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» Hatrack River Forum » Active Forums » Books, Films, Food and Culture » Harry Potter and the Methods of Rationality - What if Harry was smarter than Ender? (Page 8)

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Author Topic: Harry Potter and the Methods of Rationality - What if Harry was smarter than Ender?
Rakeesh
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I'm not mistaken, you simply misunderstood. I didn't say that aside from Ender's toon were 'neurotypicals' (and really, again, what a stupid term that is, incredibly ironic), I said that they didn't believe there was no reason for neurotypicals to exist.

Your insistence on discussing neurotypicals and their worth is pretty strange in the context of this story, where Harry and Draco have just had a striking example of how stupid and self-defeating it is to simply write off whole swaths of people. The truly brilliant leaders and geniuses figure out how to work with what they've got and improve on the originals.

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Raymond Arnold
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quote:
The truly brilliant leaders and geniuses figure out how to work with what they've got and improve on the originals.
I think this isn't quite the lesson we're meant to be learning here. At least from Harry (it's closer to what Draco is experiencing). Harry doesn't write off his army as uselessly average. He honestly believes they have potential if they would only change the way that they think. (That's half of it - the other half is that changing the way people think is simply a fun experiment). His mistake is not that he doesn't work with what he has and/or improve the people around him. His mistake is that he doesn't see how HE can learn from those people.

Also worth noting: the Ron that Harry agreed with Draco about being "useless" was not the Ron who is loyal, brave, and a good chess player. The Ron that Harry was agreeing about (if we're to take Harry's words at face value, a notion I still dispute) was the Ron who talked about a ridiculous sport for 20 minutes, and that was all Harry knew about at the time.

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kmbboots
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And that was all he needed to know before making that judgement. And having never even seen the game.
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Rakeesh
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Heh, yes, a purely rationalist outlook would have insisted Harry reserve judgment about the sport until, y'know, making actual observations of it himself. To say nothing about making an assessment based on the information of someone he regards as very stupid.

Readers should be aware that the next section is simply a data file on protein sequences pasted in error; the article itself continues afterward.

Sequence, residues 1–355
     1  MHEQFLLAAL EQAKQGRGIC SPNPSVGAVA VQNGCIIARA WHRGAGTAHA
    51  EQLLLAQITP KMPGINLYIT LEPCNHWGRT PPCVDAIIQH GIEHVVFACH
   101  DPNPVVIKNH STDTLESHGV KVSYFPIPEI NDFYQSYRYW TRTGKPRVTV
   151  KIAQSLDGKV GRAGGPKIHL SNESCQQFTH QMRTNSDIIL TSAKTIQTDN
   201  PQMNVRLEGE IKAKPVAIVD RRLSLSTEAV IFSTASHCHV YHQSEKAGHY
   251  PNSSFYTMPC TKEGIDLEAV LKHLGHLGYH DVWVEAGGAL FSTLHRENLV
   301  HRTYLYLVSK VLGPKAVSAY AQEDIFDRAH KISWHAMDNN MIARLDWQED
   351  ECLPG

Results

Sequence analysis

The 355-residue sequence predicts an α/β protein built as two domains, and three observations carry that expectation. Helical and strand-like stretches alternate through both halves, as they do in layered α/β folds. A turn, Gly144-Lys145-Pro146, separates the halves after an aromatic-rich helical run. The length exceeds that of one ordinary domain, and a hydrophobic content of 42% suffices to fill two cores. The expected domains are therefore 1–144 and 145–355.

quote:
His mistake is not that he doesn't work with what he has and/or improve the people around him. His mistake is that he doesn't see how HE can learn from those people.
That's another of his mistakes, but it's not the only one. He's not making use of what he's got, exactly. He's looking at what he's got and thinking, "This could be useful if I changed it." That's not quite the same thing. It might seem like quibbling, but it's a distinct difference. Whereas a more effective leader and genius would attempt to both improve what he's got, and use what he has currently to the maximum potential. That's what Hermione did, thus it's no surprise she won.

I agree we shouldn't take Harry's words at face value, but I am also very dubious as to whether Harry places a high premium on virtues like loyalty and bravery. Which is really quite strange given his taste in fiction.

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Raymond Arnold
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quote:
And that was all he needed to know before making that judgement. And having never even seen the game.
You're lumping two different statements Harry makes together, and seeing the worst in him because of it. One of the two statements is that Quidditch is dumb. No, Harry is not particularly tactful about that. I happen to enjoy having arguments like that so I don't register it as "Harry being mean," but I can certainly understand why it would make him unlikeable to a large block of the population.

The second statement is "yeah." This is responding to Draco's statement "he doesn't seem like he has a reason to exist?" This is after Harry has already sharply told Draco (and Ron) not to be rude to each other.

Assume for a moment that all Harry meant by "yeah," was that Ron is annoying and boring and he doesn't feel like hanging out with him, as opposed to literally "he shouldn't exist at all ever." Also assume that Ron had been talking about something you consider suitably boring and nonsensical. What exactly would you have said to Draco in that particular circumstance?

quote: